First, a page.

Are you a budding blogger? If you’re looking for inspiration or a steer in the right direction, check out How to write for your blog: a short guide (link opens a lovingly-designed PDF in a new tab. Why not print it out and read it later?).
It’s very short and totally free.
Or you can read it all here:
How to write for your blog: a short guide
This short guide will encourage you to blog and tell you how to blog well. Blogging is about conversations: discussing the things that interest you, commenting on events and joining debates. It’s not about about poetry, great literature or polished prose.
So join the conversation and don’t worry about getting things wrong. Stumble your way through blogging and learn by doing.
Let’s consider why you’re doing this. Which of these motivations apply to you?
I want to:
- Promote my business.
- Reflect on my personal development.
- Announce my news.
- Share discoveries.
- Placate my boss.
- Own my corner of the web.
- Improve my website’s Search Engine Optimisation (SEO).
- Get recognition for my work.
- Connect with my customers online.
- Open up to customer feedback.
Blogging is different from traditional media (like newspapers or TV) because the web allows everyone to be reporters, commentators and photographers.
So how can you hold a conversation on the web?
- Invite comments from your readers.
- Respond to comments.
- Freely link to relevant blog posts.
- Comment on other bloggers’ posts.
What to write?
An empty blog can be as intimidating and uninspiring as a blank page. The first post is often the hardest. You may be wondering:
- What’s permissible?
- What will be interesting?
- How will I come up with ideas?
Deciding what’s right to write about
The subject or focus of your blog may change over time and that’s absolutely fine. As you write, you’ll learn what you enjoy writing about and what your audience enjoys reading.
Why you don’t have to know it all
Bloggers don’t have to be the world’s foremost authority on a subject in order to write about it. Blogging is about discovery and exploration as much as it’s about sharing knowledge.
Where do ideas come from?
You may have to force your imagination to produce ideas, but that’s perfectly normal.
Try brainstorming ideas with a friend. Look at other blogs for inspiration. Create a list – something like The Top 10 Tricks for Y. Turn your list into a series, turning one post into ten.
Why not write about:
- A book you’ve read.
- A problem you’ve solved.
- A question you can’t answer.
- Something that inspires you.
- What motivates you.
- A recent project.
- A favourite client.
- A current dilemma.
How often will you blog? It’s a good idea to set a target. If you’re starting out, aim for one post per week, as a minimum. Twice a week is better. Once you have a list of blog post titles or rough ideas, outline a schedule for posting. Tell your readers when you will be posting, and don’t let them down!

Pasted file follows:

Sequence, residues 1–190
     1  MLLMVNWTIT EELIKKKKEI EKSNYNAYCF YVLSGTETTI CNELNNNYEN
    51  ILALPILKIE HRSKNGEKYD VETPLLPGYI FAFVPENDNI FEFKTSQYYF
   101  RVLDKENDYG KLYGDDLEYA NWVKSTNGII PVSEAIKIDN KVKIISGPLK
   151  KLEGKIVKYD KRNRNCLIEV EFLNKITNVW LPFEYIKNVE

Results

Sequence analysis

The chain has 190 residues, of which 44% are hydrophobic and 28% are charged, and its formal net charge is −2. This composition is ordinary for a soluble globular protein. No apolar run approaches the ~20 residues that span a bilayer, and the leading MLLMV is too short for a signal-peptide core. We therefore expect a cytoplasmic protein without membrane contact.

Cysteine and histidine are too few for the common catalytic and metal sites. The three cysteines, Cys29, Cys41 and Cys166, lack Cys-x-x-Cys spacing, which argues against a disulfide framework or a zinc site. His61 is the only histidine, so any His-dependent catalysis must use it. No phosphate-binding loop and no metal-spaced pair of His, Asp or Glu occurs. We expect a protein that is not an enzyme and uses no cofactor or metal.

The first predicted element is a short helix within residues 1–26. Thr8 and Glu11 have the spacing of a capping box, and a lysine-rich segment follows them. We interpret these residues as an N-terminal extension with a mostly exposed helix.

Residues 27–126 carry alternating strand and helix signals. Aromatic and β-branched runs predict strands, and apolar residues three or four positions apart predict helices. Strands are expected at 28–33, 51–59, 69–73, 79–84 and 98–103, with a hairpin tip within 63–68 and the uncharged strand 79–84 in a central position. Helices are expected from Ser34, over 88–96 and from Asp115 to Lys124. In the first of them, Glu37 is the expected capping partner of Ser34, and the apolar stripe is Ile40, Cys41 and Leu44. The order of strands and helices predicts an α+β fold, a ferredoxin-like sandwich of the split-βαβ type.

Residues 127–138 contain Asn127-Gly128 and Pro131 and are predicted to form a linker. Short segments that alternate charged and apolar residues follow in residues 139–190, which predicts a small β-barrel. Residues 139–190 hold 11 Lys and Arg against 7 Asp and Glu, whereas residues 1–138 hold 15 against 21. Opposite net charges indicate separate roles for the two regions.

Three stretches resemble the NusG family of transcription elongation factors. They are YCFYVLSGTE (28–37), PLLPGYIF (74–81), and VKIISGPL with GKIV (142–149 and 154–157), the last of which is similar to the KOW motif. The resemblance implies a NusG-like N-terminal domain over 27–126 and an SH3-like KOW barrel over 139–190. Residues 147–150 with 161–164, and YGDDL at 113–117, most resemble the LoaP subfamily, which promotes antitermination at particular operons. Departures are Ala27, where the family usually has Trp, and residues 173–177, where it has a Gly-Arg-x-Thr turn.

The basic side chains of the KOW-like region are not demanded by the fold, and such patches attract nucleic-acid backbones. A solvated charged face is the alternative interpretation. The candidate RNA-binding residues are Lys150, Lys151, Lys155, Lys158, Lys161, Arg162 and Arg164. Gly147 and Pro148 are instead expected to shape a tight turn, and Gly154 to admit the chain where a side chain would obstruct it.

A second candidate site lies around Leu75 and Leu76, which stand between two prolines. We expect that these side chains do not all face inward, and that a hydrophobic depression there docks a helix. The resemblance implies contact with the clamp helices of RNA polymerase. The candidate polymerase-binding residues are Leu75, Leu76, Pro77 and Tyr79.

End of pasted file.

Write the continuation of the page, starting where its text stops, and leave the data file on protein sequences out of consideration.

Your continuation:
How to write for your blog
Luckily, human communication has stepped out of the linguistic manacles we were burdened with at school. Here are some old-school rules you can forget:
- Split infinitives. What’s a split infinitive? It doesn’t matter.
- Contractions. Words like: can’t, don’t, shouldn’t. Contractions give your writing a conversational feel, so use them.
- Repeating words. If you’re writing about computer networks (for example), it’s okay to repeat the words computer networks.
- Starting sentences with ‘and’ or ‘because’. Because it’s okay to do this.
What’s the point?
The best way to start writing a blog post is by defining your purpose. Answer the questions:
- What am I trying to say?
- Who am I writing this for?
- What do I want to achieve?
Remember your reader
Be nice to your reader. Think about them as you write, because you’re doing this for them.
- Write a blog post, then leave it overnight and review it in the morning. You’re more likely to spot mistakes after a night’s sleep.
- Use sub-headings to break up the text. Sub-headings make screen reading a little bit easier and they help hurried readers scan your text.
- Use a spell-checker.
- Ask a friend to read your blog posts to check spelling, grammar and the existence of a point.
The Internet: nothing to fear
Some people worry about the reaction their blog posts will receive. Don’t worry: as long as you write informative, useful blog posts in a friendly, considerate way, you’ll receive friendly, polite responses.
Hyperlinks, or links (the clickable text that leads you from one web page to another) are one of the web’s defining features. Use links to provide evidence for your claims, support for your argument or additional resources for your readers.
Writing makes you a better writer
I hope this brief guide has encouraged you to start writing. With any kind of writing, the only way to improve is to write.
- Blogging is conversational so write as you would speak and be open to comments from your readers.
- Schedule your blog posts and blog regularly.
- It’s okay to split infinitives, use contractions and repeat words.
- Use short sentences and headings to make your writing easier to read on screen.
- Ask someone to read your posts before you publish them and use a spell-checker.
- Don’t be afraid of making mistakes: become a better blogger by blogging!